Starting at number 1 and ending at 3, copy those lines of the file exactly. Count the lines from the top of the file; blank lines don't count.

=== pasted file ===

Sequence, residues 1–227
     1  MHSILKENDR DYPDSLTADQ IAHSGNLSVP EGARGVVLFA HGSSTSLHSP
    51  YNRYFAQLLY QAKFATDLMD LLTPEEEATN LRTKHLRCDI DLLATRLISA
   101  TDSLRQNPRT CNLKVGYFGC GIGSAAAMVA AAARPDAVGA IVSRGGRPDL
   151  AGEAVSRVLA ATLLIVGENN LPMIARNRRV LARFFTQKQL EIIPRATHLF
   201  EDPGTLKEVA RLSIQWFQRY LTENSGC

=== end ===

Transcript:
Sequence, residues 1–227
     1  MHSILKENDR DYPDSLTADQ IAHSGNLSVP EGARGVVLFA HGSSTSLHSP
    51  YNRYFAQLLY QAKFATDLMD LLTPEEEATN LRTKHLRCDI DLLATRLISA